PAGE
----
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Unipolar stepper, bipolar driver

  1. Nov 21, 2009 #1
    Greetings.
    I got an unidentified 6-wires stepper motor, which i suppose is unipolar.
    But, the motor drivers i have is for bipolar ones.
    As i understand, a bipolar driver can drive a unipolar motor, by plugging in the ends of the coils and leaving the middle wires hanging.
    Is it that simple or are there some caveats?

    Second problem, how can i identify which wires do what?
    There are two trios of interconducting wires, in each one there is a pair that gives the most resistance on rotor when shorted, but when i plugged these two pairs, the motor does not work in a consistent way - either vibrate in place or starts moving back and forth. i tried swapping one pair and different step rates to no avail.
    What can be wrong?
     
  2. jcsd
  3. Nov 21, 2009 #2
    Read:
    http://en.wikipedia.org/wiki/Stepper_motor#Bipolar_motor
    Yes, an H-bridge usually can be used to drive a unipolar motor by driving the two ends and leaving the center-tap wires hanging. Read about various types of steppers in above URL. Based on stepper motor voltage and current ratings, set up the two H-bridge drivers, with series resistors if necessary, and drive the stepper at 1 or 2 Hz with the two H-bridges in phase quadrature. My experience is that many H-bridge drivers are not full-rated below ~ 6 or 8 volts, which may be too high for some steppers.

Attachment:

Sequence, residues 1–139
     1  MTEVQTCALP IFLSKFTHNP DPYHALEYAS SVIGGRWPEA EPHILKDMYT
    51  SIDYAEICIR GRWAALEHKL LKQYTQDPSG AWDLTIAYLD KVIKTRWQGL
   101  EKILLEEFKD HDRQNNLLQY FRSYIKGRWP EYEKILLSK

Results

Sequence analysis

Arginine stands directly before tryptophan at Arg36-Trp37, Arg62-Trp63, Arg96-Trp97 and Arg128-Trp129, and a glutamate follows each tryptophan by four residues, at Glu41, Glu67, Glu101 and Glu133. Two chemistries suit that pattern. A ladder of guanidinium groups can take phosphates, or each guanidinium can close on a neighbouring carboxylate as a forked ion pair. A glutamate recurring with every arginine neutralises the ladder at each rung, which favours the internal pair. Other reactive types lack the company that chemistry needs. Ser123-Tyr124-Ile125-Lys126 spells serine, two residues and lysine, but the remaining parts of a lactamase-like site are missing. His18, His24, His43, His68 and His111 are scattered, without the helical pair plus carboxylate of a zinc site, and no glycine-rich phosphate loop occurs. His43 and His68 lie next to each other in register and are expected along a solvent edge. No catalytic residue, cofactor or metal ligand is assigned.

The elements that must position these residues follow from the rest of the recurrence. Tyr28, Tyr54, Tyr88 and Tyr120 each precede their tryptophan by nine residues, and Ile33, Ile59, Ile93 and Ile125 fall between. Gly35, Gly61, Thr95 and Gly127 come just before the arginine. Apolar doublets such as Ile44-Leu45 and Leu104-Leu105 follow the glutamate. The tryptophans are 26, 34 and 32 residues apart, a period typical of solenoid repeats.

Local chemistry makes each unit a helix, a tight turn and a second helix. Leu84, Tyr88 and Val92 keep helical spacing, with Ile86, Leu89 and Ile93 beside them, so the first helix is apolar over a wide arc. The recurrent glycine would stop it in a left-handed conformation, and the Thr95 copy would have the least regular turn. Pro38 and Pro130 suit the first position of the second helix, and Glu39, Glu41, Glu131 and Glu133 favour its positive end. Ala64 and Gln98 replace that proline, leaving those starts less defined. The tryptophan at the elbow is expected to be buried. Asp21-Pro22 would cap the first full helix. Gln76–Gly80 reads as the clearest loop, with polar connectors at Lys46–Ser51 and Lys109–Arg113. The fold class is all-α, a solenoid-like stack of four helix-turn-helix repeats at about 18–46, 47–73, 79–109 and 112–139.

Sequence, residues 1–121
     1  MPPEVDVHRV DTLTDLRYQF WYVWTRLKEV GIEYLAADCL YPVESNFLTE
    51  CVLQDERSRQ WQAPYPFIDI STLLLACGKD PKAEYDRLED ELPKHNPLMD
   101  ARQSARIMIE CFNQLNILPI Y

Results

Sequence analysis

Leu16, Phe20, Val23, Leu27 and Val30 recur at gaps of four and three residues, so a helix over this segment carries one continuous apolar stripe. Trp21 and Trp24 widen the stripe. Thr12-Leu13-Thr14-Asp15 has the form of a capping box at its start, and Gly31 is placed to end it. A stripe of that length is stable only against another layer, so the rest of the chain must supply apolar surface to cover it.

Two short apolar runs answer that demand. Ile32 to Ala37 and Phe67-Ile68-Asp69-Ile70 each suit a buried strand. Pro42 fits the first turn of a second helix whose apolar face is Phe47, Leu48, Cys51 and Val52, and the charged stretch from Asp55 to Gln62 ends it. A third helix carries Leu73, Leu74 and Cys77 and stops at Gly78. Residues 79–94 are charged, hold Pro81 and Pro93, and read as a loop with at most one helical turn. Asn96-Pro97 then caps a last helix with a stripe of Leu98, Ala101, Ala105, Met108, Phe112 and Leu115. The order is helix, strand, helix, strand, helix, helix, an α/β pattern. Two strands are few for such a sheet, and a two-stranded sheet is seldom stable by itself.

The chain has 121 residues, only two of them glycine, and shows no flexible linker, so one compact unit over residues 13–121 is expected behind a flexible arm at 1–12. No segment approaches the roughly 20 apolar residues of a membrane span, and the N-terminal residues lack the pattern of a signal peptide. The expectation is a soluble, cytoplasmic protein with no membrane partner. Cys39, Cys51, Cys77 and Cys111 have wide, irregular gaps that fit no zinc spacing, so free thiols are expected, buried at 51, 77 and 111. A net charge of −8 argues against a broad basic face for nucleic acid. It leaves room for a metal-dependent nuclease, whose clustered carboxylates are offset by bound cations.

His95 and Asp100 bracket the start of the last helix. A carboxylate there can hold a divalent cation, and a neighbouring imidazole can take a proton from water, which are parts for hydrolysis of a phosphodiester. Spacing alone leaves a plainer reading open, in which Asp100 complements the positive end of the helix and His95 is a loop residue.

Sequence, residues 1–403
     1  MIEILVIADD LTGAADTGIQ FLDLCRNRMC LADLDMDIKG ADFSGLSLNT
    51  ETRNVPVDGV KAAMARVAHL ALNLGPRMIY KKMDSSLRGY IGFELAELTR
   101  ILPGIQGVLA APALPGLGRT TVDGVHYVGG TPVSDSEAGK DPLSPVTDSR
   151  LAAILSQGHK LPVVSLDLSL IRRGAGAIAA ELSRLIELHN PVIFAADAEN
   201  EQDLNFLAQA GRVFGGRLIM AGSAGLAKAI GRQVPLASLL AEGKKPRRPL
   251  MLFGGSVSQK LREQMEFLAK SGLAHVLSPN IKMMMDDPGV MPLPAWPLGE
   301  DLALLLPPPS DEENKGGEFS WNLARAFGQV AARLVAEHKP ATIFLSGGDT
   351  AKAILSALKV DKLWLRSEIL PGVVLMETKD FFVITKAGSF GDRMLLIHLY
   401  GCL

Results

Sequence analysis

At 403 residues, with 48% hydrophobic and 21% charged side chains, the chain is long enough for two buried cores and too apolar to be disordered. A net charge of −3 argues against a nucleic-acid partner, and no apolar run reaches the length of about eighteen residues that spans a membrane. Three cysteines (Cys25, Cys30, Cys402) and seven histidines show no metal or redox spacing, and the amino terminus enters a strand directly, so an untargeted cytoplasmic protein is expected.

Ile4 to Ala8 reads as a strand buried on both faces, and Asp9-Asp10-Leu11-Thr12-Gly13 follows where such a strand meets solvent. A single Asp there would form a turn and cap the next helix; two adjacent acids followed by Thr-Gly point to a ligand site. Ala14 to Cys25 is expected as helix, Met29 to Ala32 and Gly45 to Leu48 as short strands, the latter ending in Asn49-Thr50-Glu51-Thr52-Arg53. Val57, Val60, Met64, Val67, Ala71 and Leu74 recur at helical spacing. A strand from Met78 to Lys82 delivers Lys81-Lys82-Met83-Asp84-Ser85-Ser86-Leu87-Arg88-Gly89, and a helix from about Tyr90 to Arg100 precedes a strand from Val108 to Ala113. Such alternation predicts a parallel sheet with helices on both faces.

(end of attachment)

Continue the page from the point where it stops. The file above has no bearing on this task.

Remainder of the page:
See the schematic on page 2 of:
    http://www.ozitronics.com/docs/k158.pdf
    for two 5-50 volt H-bridge drivers using P-type and N-type mosfets.
    Two popular integrated H-bridges are the L298N and the LMD18200.
    Bob S
     
    Last edited: Nov 21, 2009
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